The next instalment of golf’s greatest show, the Ryder Cup, is almost upon us so here at Your Golf Travel we thought it would be a good idea to see how the two teams are shaping up before they lock horns at Medinah Country Club in a couple of weeks time. We take a look at world rankings, current form, tournament wins, Ryder Cup history, the captains and much more in a bid to find out hwo we are putting our money on to get their hands on the cup donated to golf all those years ago by one Samuel Ryder.
World rankings – Advantage USA
Whilst the European’s are boasting the world number one and form player in the world in Rory McIlroy as well as numbers three and four in the world in their ranks, only one member of the American side – Jim Furyk – is not currently in the world’s top 20. Europe on the other hand have half their team coming from outside of the top 20.
If the world rankings are to be the best barometer for golfing quality, then we’re in for a real treat, as Hunter Mahan (ranked 20) is the only top 20 player eligible for the tournament who was overlooked for a wild card pick, perhaps on the back of his infamous ‘chip’ at Celtic Manor in 2010…apparently he won’t be watching on TV…boohoo…toys…pram…you get the picture! The other top 20 players not playing for obvious reasons include Australia’s Adam Scott (5) and South African Louis Oosthuizen (9). So with 17 of the world’s top 20 on show we’re in for three days of incredible golf!
Tournament wins – Advantage USA
Totalling up the combined career wins of the players in each team, the USA again have a clear advantage, with a whopping 258 career victories to the European team’s 173 career wins. The American’s are significantly boosted by Tiger Woods and his incredible 101 worldwide career victories, which is far in advance of Europe’s top trophy hunter, Lee Westwood on 39.
This tournament success also translates into major victories, with seven of the American team having picked up one of the big four, and between them they have amassed 23 majors, far outweighing the five gained by the Europeans….let’s just see what Rory can do before Gleneagles 2014 rolls around!
2012 form – Advantage USA (just)
Things start to get a little tighter here, with the USA just about edging out Europe with 15 victories to 13. Jim Furyk is the only man in the American ranks yet to taste victory this year, although with 26 career victories, the winning feeling isn’t alien to him. By contrast, four members of the European team (McDowell, Poulter, Kaymer and Colsaerts) have failed to win this year, but in Rory McIlroy they have THE form player of 2012, with his four wins being more than any other player in the Ryder Cup, on the PGA Tour and so on and so forth!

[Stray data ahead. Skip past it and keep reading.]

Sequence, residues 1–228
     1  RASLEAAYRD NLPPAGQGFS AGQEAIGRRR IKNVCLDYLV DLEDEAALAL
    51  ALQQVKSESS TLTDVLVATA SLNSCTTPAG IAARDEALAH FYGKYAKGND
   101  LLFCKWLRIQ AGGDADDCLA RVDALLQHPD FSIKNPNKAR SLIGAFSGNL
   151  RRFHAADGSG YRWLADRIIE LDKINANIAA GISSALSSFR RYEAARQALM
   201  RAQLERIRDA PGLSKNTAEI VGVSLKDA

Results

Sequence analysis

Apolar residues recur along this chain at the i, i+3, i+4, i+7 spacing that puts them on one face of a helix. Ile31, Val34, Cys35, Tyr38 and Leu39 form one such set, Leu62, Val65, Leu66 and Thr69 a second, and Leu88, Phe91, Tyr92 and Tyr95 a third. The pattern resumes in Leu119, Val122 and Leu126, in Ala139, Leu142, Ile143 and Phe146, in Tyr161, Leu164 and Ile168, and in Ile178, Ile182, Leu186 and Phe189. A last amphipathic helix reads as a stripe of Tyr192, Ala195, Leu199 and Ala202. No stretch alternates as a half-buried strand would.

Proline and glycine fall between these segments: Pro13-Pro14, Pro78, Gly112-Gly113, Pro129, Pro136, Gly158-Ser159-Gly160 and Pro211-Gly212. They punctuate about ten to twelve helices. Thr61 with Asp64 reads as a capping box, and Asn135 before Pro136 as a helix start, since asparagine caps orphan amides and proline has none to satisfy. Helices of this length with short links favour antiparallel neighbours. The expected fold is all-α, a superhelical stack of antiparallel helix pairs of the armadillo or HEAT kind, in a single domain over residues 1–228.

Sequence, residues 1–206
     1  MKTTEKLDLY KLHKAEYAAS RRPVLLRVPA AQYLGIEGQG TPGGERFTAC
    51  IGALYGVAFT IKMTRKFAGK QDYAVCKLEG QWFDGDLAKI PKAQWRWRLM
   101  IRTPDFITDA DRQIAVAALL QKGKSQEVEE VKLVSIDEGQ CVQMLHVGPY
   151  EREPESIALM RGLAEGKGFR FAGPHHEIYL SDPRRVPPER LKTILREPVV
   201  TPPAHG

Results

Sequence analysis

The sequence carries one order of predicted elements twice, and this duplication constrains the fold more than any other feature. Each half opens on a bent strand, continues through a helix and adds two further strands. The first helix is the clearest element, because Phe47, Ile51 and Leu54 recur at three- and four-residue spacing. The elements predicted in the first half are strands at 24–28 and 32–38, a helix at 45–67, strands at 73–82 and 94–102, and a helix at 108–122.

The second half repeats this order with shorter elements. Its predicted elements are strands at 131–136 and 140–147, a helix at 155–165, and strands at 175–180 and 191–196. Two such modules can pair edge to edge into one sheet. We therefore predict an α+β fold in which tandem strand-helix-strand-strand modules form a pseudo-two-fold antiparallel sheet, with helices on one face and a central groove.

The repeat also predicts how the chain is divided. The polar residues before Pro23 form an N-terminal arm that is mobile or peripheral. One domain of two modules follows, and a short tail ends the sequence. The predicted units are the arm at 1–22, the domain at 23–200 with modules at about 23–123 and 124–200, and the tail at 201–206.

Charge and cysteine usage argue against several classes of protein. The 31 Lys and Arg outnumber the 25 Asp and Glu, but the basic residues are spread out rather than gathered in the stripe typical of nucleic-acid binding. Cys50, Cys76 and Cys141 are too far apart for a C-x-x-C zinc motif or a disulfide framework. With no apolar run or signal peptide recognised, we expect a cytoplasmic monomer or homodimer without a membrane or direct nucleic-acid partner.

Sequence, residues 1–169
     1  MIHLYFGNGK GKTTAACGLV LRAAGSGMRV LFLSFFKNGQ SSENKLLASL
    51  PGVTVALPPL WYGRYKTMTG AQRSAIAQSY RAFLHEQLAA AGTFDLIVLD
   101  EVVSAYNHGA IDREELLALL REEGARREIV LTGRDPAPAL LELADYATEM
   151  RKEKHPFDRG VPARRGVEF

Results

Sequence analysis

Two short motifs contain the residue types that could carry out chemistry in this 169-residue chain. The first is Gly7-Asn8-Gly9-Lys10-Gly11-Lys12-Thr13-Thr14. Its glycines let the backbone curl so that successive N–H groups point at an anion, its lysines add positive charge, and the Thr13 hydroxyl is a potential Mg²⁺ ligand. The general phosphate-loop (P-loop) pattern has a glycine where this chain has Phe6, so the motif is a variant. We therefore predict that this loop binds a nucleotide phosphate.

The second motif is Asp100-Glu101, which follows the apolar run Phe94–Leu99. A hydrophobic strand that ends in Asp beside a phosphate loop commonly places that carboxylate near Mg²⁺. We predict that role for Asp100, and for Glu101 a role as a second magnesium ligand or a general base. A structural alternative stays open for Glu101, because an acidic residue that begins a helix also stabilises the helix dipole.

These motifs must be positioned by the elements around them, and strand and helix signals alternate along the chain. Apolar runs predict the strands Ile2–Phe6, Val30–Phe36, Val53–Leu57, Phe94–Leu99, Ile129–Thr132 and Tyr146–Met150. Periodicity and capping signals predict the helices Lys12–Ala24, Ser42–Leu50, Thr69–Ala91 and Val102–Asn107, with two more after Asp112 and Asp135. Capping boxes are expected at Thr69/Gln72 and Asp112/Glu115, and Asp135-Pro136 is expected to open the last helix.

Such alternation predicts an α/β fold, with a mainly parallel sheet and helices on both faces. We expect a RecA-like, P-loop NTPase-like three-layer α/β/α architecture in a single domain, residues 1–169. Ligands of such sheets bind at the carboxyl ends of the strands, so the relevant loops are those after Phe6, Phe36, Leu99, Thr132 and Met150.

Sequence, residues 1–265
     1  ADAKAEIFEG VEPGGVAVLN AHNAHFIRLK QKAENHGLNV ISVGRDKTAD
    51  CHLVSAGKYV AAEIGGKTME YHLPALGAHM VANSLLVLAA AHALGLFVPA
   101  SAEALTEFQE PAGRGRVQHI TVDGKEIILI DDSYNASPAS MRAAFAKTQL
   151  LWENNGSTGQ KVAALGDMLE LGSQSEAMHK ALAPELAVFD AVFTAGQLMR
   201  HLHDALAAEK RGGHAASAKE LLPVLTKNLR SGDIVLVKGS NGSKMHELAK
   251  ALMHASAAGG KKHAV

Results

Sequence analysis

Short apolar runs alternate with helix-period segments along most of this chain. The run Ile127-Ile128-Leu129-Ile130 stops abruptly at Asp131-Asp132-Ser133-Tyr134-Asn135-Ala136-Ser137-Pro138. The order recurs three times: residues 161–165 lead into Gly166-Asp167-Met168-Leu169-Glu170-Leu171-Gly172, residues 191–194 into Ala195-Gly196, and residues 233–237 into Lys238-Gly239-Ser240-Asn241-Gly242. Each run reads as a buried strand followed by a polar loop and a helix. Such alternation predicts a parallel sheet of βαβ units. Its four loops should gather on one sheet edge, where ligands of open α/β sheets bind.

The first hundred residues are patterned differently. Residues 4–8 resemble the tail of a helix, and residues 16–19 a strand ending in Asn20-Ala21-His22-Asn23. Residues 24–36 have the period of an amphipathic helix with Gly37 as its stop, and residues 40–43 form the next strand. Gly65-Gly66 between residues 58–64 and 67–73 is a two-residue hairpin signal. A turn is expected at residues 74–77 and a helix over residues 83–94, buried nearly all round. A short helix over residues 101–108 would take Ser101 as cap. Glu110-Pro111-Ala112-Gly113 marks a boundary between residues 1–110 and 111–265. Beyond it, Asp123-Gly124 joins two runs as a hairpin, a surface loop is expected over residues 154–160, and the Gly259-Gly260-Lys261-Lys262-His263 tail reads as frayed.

Three of the four major winners from 2012 will be on show, with Masters champ Bubba Watson and US Open victor Webb Simpson both representing the USA and Rory flying the flag for Europe after his recent stroll in the park at the PGA Championship on the infamous Ocean Course at the Kiawah Island Resort.
Ryder Cup appearances – Too close to call
Whilst the American’s have amassed 28 appearances in the Ryder Cup to Europe’s 26, 21 of those come from Mickelson (8), Furyk (7) and Woods (6), leaving four rookies (Simpson, Duffner, Bradley and Snedeker) in the side.
Europe on the other hand have just the one debutant in Nicolas Colsaerts from Belgium, and in Lee Westwood have a man who is making his 8th appearance in the match.
The teams are in place and the tension is mounting as the big day (Sept 28th) draws near…who are you backing to win this year’s Ryder Cup? Lets us know in the comments section below…
Ryder Cup form – Advantage Europe
When comparing the number of points contested by each of the players in their previous Ryder Cup appearances, Europe have a distinct advantage. The 12 Europeans taking to the fairways at Medinah have picked up 69 points from a potential 110, a 63% success rate. This is considerably higher than the Americans who have picked up just 48 points from a possible 115, a conversion of 42%.